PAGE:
How To Start A Small Town Business

by Tom Egelhoff

One of the great things about the internet is that there are sites like this one to help answer some of the questions people have who want to start their own business. My father was in the floral business for many years and he used to travel to nearby towns and learn the business from other florists that were willing to share the "business secrets" with him. I still think that's a good idea. Find someone who's doing what you want to do, successfully, and do what they do.

According to the SBA (Small Business Administration) there are hundreds of thousands of small businesses that start each year. Add home based businesses to that list and it's probably in the millions. For most people, starting a business means that you are going into uncharted territory. Sort of like going on vacation to a strange place and just about the time you are ready to leave you begin to know your way around.

Unlike a vacation, there are certain risks to avoid when starting a new business and starting one in a small town has more risks than the same business in a larger city. For one you have a smaller customer base to work with and that may take longer for the business to become self-sufficient. There are other risks involved that may take your business down before it even begins. This article will help you deal with some of those.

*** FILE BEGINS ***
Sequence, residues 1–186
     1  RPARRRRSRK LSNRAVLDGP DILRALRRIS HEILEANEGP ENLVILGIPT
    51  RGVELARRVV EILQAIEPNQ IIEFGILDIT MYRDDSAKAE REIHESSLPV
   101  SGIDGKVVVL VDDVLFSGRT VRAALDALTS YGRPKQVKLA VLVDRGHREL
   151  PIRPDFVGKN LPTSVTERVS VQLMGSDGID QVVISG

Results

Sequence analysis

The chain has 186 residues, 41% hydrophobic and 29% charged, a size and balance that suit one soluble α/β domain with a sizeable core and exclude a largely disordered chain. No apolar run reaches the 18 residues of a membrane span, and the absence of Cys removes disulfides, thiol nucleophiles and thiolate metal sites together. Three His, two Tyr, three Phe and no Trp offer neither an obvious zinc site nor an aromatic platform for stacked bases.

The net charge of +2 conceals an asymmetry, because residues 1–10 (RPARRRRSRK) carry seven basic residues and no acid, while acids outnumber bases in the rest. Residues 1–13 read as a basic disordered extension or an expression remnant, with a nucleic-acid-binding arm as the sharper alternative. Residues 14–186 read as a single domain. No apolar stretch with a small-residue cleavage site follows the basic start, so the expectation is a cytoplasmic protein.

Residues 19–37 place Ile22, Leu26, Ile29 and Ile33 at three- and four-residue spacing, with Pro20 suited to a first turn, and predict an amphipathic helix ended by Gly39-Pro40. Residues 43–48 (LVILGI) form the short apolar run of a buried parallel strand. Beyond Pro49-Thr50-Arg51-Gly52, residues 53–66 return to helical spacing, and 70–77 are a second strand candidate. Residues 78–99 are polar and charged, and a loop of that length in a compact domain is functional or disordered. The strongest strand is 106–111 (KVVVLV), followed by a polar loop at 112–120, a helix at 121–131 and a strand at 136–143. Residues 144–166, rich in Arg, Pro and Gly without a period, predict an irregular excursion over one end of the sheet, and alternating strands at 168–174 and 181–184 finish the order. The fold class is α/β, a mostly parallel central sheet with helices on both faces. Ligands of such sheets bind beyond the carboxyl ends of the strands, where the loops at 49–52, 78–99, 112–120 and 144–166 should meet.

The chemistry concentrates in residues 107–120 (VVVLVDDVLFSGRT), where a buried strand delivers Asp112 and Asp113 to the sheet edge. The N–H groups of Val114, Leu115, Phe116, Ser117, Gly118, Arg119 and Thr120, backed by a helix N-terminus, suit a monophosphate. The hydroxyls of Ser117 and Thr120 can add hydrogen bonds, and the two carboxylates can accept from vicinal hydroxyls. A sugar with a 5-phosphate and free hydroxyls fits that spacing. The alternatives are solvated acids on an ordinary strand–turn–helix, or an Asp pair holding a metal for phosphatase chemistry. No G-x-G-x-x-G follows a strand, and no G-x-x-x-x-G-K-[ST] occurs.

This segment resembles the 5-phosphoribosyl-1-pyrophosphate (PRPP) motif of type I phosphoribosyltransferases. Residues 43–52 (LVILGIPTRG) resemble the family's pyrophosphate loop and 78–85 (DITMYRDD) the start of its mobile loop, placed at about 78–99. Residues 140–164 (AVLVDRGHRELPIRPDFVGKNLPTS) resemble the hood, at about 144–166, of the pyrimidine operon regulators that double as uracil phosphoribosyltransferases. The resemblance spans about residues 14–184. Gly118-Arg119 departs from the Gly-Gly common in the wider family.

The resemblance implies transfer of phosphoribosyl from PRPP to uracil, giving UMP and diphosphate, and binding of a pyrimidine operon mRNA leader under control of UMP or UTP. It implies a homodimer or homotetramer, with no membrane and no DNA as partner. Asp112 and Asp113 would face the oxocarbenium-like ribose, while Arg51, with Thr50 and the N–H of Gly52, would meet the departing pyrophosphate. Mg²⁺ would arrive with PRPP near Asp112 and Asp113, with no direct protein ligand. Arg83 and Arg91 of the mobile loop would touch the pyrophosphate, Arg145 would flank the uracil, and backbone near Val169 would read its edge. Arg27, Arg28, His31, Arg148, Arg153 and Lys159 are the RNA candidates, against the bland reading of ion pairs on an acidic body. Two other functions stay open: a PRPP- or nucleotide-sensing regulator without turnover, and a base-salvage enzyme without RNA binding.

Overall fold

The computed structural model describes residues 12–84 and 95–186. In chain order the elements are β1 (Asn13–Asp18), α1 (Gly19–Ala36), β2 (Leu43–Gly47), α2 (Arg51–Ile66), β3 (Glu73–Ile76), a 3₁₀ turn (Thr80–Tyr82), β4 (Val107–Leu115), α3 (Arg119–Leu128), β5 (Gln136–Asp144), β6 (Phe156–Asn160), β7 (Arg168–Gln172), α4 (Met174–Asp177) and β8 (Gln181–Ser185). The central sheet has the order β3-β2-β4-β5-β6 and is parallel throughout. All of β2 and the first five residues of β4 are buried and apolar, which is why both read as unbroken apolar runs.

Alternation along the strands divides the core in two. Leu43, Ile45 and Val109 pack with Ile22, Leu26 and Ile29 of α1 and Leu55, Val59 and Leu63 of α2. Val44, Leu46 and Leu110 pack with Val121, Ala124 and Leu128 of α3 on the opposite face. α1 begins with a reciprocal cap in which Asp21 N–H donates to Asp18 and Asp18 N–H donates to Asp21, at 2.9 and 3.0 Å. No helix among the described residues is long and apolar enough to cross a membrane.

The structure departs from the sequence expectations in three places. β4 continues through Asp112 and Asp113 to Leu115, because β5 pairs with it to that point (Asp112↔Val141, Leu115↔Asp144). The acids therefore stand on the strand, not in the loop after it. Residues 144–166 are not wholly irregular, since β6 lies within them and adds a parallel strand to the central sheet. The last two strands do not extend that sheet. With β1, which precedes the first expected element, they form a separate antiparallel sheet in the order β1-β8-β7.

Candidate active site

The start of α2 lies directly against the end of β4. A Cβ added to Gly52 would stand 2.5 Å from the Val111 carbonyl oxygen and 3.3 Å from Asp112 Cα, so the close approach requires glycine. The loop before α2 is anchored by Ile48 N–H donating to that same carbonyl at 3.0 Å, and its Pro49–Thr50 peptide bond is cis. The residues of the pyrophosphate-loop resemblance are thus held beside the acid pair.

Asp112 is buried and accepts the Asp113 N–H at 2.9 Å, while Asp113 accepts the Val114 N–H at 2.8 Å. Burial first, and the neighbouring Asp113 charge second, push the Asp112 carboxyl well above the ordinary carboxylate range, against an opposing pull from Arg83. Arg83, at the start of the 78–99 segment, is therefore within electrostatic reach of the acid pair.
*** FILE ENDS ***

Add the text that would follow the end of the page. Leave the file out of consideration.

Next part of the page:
Lower Your Risk Of Failure

Years ago many business experts used to say the principle reason for business failure was location, location, location. With the internet and various types of mass media advertising that old adage no longer applies. In my opinion, the most common reason for failure is management skills.

Most new business owners are extremely talented at what they do. If they create a product they normally do it very well. But because they've never been in business before they are often at a loss when it comes to actually running the company.